First Advisor

Nancy A. Perrin

Date of Publication


Document Type


Degree Name

Master of Science (M.S.) in Psychology






Recycling (Waste, etc.) -- Citizen participation, Prediction (Psychology)



Physical Description

1 online resource (2, vi, 88 p.)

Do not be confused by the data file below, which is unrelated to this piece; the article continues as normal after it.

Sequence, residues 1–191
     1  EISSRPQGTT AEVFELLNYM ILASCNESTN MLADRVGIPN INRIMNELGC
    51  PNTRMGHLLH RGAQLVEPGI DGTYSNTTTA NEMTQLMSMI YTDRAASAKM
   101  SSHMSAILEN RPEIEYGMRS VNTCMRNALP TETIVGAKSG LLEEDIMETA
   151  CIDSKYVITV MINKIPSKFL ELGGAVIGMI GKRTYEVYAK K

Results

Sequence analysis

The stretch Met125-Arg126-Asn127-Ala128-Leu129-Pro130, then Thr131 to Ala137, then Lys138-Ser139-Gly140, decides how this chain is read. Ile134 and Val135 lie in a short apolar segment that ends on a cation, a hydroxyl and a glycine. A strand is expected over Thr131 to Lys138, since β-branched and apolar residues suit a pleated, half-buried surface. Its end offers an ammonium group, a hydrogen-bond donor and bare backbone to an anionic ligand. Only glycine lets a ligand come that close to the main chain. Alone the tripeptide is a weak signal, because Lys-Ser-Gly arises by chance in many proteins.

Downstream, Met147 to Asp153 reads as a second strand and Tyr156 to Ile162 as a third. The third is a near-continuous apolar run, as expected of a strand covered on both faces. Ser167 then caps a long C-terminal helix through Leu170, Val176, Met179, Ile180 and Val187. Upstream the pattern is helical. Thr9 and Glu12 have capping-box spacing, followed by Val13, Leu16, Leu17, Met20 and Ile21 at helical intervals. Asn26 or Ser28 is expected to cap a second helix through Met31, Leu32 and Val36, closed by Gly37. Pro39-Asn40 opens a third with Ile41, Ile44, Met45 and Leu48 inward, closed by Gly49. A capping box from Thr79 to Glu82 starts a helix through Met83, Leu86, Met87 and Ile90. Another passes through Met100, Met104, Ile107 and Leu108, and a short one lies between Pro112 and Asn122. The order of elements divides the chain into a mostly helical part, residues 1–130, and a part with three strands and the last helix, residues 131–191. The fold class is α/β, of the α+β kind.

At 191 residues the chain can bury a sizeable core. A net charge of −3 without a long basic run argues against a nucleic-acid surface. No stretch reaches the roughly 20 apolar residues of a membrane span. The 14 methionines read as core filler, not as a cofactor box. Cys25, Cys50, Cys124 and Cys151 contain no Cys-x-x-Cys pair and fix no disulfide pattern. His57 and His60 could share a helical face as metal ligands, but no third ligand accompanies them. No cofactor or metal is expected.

The prediction of self-reported recycling behaviors was examined using variations and expansions of Ajzen's theory of planned behavior. Three hundred and forty-eight residents from the Multnomah, Clackamas and Washington counties in Oregon completed a questionnaire that assessed attitude, subjective norms, perceived behavioral control, intentions, self-reports of recycling behavior, moral obligation and past behavior. Recycling behaviors and intentions were grouped into three categories of difficulty by a factor analysis. Structural equation analysis did not support Ajzen's model. It was found that although attitudes was correlated with the antecedent variables, it did not directly influence intentions or behaviors. Perceived behavioral control had the largest direct influence on behavior. Subjective norms had the greatest direct influence on intentions. Past behavior, as measured, was not significantly related to any variable in the model. The inclusion of moral obligation added significantly to the ability to predict recycling behavior. Moral obligation directly influenced subjective norms, attitude, perceived behavioral control and behavior. The results suggest that programs that aim to increase recycling behaviors should focus on: the community good as the motivation for recycling, the impacts of the individual's recycling behavior on community resources, the "how to's" of recycling, and supplying services and information about those services.


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